PaperCity Magazine

Round Top Winter 2021

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Page 21 of 75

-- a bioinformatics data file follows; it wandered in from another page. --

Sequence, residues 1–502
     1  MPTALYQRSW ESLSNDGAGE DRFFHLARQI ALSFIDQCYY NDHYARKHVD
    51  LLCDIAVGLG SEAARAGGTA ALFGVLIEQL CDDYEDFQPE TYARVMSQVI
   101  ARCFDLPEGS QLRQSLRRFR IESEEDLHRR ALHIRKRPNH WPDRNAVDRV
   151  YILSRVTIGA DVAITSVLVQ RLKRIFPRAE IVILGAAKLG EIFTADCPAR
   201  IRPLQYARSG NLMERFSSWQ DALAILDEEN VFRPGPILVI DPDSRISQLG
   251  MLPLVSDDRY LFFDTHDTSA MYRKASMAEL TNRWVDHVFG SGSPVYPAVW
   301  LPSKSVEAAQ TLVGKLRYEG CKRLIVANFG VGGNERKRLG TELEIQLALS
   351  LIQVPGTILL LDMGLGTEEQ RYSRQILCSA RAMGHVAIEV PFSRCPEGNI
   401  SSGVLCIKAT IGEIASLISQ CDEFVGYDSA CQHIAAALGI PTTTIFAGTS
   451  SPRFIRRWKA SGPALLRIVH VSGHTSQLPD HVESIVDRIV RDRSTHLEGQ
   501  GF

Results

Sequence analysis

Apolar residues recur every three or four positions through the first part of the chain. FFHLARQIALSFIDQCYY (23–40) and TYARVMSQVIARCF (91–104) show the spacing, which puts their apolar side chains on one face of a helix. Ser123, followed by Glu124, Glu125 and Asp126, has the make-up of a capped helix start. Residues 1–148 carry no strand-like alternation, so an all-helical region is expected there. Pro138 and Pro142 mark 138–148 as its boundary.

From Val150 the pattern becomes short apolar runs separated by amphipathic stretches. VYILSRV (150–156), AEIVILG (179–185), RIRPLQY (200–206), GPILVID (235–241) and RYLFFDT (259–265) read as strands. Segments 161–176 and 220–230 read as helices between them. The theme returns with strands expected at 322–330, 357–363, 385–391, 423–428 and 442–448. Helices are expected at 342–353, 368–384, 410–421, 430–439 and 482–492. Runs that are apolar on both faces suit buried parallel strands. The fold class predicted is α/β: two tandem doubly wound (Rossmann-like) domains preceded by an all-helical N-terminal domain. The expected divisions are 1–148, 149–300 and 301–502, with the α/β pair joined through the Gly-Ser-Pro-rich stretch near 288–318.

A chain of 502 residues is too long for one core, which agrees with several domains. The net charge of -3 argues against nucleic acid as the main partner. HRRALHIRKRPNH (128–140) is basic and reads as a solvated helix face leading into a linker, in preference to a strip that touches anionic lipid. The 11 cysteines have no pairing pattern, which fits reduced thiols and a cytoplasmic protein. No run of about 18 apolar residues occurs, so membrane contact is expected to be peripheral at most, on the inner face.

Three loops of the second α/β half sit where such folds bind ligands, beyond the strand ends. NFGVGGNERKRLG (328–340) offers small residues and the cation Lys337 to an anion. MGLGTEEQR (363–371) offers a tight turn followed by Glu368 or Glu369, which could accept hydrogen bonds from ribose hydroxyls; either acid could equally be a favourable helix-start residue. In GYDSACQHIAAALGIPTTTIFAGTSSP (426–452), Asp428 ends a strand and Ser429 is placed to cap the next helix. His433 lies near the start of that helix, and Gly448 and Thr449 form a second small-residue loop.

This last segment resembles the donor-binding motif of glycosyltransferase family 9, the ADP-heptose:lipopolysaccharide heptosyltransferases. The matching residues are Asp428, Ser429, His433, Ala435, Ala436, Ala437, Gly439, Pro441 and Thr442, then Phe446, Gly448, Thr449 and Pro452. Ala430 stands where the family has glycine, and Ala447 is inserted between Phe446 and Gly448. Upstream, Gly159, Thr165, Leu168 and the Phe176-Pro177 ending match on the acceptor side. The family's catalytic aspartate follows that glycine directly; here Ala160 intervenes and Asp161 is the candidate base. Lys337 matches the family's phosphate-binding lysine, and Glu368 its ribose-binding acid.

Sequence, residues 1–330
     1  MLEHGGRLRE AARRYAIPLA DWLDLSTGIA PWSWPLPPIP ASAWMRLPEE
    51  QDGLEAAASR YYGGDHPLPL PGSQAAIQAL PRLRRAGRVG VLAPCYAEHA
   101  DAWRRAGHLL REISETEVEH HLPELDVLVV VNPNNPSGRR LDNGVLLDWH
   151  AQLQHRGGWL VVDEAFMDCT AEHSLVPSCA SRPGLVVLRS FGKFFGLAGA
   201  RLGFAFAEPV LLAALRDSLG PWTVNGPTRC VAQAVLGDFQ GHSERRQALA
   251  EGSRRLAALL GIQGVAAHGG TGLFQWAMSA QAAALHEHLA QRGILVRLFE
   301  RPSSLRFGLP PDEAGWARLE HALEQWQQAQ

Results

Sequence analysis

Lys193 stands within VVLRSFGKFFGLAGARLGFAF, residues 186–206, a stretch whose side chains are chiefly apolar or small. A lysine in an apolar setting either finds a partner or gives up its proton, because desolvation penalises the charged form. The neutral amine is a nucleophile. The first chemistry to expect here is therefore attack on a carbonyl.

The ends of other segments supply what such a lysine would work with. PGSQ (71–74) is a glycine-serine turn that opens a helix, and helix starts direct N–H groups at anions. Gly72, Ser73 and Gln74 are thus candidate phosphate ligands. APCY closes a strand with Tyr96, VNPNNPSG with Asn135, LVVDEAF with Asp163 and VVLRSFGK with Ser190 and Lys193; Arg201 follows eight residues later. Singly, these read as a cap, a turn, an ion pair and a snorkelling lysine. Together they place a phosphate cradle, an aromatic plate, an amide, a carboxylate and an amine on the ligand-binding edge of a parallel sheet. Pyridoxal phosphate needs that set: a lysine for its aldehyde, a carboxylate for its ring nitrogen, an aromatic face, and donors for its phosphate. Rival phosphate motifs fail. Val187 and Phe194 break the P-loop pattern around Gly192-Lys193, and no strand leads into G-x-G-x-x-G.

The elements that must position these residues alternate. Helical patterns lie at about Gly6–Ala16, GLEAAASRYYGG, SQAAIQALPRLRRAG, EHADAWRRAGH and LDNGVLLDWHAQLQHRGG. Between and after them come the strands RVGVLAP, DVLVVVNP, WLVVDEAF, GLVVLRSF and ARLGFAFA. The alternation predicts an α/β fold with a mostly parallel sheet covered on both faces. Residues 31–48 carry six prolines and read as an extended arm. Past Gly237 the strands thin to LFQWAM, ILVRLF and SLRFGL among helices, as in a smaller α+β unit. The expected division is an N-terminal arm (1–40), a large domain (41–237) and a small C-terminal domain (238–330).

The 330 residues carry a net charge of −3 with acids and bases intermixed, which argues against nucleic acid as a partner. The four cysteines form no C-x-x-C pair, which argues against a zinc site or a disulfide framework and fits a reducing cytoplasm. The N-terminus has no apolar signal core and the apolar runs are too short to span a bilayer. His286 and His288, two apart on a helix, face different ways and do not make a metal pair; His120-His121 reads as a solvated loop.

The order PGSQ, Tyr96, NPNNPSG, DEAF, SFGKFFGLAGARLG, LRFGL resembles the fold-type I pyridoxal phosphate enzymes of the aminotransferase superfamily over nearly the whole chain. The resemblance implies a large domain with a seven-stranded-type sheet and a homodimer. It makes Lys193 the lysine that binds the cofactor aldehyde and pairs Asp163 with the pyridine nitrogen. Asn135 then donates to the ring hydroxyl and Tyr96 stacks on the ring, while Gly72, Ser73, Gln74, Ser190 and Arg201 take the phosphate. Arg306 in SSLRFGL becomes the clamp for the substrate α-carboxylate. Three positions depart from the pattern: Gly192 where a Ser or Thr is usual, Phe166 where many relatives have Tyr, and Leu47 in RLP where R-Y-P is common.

R ound Top Brewing has finally opened its doors, in the turn-of-the-century Peake House in Minden Square, and owners Brooke and Paul Michie have cooked up a new menu of dark brews and healthy, comforting dishes to warm bellies and lift spirits this holiday season. "For winter, we're planning to brew a honey brown ale with our friend's local honey, a winter warmer stout, and a few lagers ahead of spring," says Brooke. The local honey will be from the same source as the delectable honey butter that she and brewmeister husband Paul make at their neighboring venture, Lollitop Sweetshop. The nano-brewery and taproom also offers top local and national beers, as well as a selection of boutique wines. New eats include seasonal salads, hearty soups, chef-crafted pâtés and spreads, pressed sandwiches, and unique tacos — some stuffed with wild game — on pillowy house-made tortillas. Round Top Brewing, 101 W. Austin St., Candice Cowin (Continued from page 18) TOP J ust in at press time: Fundraising kicks into high gear for the Fayetteville Community Center & P e r f o r m a n c e Theater, a big-picture idea that melds performing arts, historic preservation, and place-making for a new cultural and community nexus spun around Fayetteville's charming town square. The 1875-era E.J. Knesek Building, catty-corner from the town's iconic courthouse, was acquired in 2019 by a group of citizens and business owners who came together to found a nonprofit to make the new center possible. The beloved building has a rich, vital history as the past HQ for Frank Spacek, an agent who connected the area's early flow of Czech immigrants to homes and employment. Subsequently, the Knesek Building housed Fayetteville's first newspaper, Vestnik (published by the Czech fraternal society SPJST), followed later by the Fayetteville Fact. Merry times occurred when the Buck Horn Saloon and its popular second-floor dance hall held court during the turn-of-the-century. Now the Knesek is ready for its next act, as a 150-seat theater with public rooms for meetings, community gatherings, conferences, and other special occasions, complete with catering kitchen. Austin firm Heimsath Architects has been tapped to make this architectural transformation possible, estimated at between $4.5 and $5 million. (Read our profile on late founder Clovis Heimsath on page 46.) Support this visionary new center and savor a delightful night of live performances at the inaugural gala for the future Fayetteville Community Center & Performance Theater, billed as a A Night at the Theater. Calendar this date: Saturday, February 26, 2022, 5 pm, at Windy Knoll, Round Top; Joan Herring and Wendy Wilkins Burks step up as co-chairs. Take in dramatic stage plays throughout the evening, while Texas A&M University String Quartet performs. Seated dinner. Tables from $2,500; contact Joan Herring, 713.818.9766, j o a n @ b l a c k b i r d l o d g i n g . c o m , Catherine D. Anspon A NEW BREW A GRAND NIGHT OUT Round Top Brewing The future Fayetteville Community Center & Performance Theater PHOTOS JACK THOMPSON 20

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